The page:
Friday, March 22, 2013
Sri Lanka: Kandy-land Adventure
I apologize for not posting for two weeks - I took on a crazypants teaching schedule, trying to save money before I make a change in August, and haven't had much time for blogging. I also worked my way through The Forty Days of Musa Dagh after reading a few other things on my list (Hiking Through History and The Oracle of Stamboul), and that took up a lot of my time.
What's more, I've been thinking more seriously of making jewelry to actually sell - although I haven't started yet, just planning what to make and what I'll need - if I decide to do it at all - is taking up time.
And sadly, blogging fell by the wayside.
I believe this is my last batch of Sri Lanka photos (I have to check and see if the Galle photos ever made it up, and later on I'll throw up a few Colombo shots), and I don't have too much to say beyond basic travelogue stuff. But I should note a few things about similarities between Sri Lanka and Taiwan.
I mean, there are the obvious things, like how they're both islands off a major landmass that is also one country, and both independent (although Taiwan is only de facto, Sri Lanka is de jure). They both have monkeys. They are both often overlooked in favor of their larger and more powerful neighbors.
But there's more.
Both have an ethnic minority of another race that has influence over the culture (Tamils in Sri Lanka, aborigines and Hakka here - some will argue that Hakka is not an ethnic minority. OK, you could say that, but they are a cultural and linguistic one).
They both are relatively small players in the world economy (Sri Lanka moreso than Taiwan) next to a major player, but both have higher per capita GDP statistics than their "big, rich" neighbor. Both are more prosperous when you consider individual standard of living than their neighbor. Both are easier to deal with as destinations than traveling in their neighbor (I love India, but Sri Lanka was an easier place to visit).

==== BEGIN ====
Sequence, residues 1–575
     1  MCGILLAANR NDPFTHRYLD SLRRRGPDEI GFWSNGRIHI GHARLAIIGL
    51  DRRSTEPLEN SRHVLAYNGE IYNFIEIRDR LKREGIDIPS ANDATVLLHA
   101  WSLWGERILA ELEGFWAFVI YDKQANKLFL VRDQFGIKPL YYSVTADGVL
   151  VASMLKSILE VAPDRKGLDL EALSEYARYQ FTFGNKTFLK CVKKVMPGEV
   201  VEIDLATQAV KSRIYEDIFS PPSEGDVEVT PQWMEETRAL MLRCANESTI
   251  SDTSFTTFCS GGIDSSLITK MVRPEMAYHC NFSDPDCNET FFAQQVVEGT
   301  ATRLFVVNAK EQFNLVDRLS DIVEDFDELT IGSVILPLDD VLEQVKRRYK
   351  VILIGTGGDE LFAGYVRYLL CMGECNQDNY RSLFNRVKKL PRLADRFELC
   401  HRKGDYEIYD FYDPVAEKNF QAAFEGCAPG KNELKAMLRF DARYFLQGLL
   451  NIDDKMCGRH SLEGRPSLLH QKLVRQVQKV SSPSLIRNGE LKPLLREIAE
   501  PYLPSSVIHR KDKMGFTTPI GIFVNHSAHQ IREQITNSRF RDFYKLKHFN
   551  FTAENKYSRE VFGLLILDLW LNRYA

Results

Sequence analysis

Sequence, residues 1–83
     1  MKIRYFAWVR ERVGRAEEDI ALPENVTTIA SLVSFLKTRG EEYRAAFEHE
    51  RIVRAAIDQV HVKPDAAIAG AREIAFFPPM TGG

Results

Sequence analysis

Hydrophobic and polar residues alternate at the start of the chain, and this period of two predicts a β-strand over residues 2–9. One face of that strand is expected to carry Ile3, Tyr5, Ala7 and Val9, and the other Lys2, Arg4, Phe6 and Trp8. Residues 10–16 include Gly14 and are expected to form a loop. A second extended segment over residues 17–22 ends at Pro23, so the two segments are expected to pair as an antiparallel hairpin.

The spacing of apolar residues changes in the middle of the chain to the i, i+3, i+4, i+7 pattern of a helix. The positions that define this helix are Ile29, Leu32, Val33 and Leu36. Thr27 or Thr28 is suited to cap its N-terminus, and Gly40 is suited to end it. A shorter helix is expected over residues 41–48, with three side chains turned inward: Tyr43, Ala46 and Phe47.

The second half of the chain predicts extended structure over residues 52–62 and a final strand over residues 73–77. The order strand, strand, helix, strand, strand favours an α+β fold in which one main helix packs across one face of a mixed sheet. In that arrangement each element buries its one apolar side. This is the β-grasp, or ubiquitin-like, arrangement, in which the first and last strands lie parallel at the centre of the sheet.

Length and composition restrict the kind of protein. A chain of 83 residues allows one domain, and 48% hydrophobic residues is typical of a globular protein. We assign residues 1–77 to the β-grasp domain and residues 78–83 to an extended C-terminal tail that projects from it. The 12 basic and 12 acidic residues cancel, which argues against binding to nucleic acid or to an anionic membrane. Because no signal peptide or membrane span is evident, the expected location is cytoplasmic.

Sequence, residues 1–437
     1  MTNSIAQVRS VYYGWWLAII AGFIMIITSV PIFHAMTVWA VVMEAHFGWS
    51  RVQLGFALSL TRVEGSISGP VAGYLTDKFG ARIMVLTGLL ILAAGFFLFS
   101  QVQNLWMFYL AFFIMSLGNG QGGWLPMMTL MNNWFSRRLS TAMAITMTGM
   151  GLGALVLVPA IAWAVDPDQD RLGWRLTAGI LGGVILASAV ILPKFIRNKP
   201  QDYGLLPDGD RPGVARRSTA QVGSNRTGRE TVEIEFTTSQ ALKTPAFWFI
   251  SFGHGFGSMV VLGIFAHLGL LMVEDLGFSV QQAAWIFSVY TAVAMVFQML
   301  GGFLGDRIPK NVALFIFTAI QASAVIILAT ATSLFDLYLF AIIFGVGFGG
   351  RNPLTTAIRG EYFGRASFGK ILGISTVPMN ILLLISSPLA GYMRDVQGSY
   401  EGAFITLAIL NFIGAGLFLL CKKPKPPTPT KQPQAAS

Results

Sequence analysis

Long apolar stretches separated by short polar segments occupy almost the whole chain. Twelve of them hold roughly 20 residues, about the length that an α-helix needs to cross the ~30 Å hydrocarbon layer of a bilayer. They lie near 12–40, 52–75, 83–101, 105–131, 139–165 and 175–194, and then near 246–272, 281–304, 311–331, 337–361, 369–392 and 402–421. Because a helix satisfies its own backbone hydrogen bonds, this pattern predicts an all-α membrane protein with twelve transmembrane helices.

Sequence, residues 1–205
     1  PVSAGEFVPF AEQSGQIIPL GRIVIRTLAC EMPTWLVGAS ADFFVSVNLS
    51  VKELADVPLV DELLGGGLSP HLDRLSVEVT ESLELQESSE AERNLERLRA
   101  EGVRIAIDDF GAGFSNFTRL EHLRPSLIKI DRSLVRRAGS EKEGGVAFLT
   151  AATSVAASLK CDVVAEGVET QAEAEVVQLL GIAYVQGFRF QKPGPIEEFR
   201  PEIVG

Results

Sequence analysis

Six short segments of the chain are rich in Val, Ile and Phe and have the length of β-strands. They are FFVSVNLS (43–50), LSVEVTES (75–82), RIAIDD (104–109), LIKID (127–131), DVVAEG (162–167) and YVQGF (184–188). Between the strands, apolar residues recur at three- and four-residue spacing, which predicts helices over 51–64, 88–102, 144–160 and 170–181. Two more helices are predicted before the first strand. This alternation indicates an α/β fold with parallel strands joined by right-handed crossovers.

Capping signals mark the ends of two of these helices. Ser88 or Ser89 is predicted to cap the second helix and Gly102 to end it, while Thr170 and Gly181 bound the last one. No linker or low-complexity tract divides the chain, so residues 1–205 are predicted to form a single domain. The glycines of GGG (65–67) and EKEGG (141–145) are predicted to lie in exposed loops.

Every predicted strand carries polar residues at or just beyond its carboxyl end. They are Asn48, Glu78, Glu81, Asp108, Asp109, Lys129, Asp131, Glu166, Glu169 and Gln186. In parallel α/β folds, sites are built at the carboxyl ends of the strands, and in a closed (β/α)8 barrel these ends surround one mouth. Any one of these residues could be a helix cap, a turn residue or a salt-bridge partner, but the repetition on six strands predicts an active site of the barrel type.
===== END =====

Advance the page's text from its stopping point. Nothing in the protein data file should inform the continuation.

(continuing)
They both have some unfortunate politics worth discussing. I was not pleased that the LTTE lost the civil war - I was rooting for them to at least win concessions, autonomy or some sort of enforced legislation of equal treatment and opportunity. This is in part because I lived in Tamil Nadu in India and so have something of a connection to Tamil culture although I am not Tamil myself, and in part because they fought back against true discrimination. They didn't deserve to lose, and they're not doing much better now than they were when the war began.
And of course, Taiwan has to deal with all that China bullshit.
They both have monkeys!
But seriously, they both have cultural traditions that involve tiny shrines everywhere. Along the road in Sri Lanka, much like in Taiwan (but not China, in my observation), there are small Buddhist shrines (and a few Hindu ones too), that you can stop and pray at, or are there just to keep farms, fields or property safe and in god's grace. In Taiwan, of course, you'll see Earth God (土地公) shrines everywhere, and a few others (Matsu is popular) scattered around, too.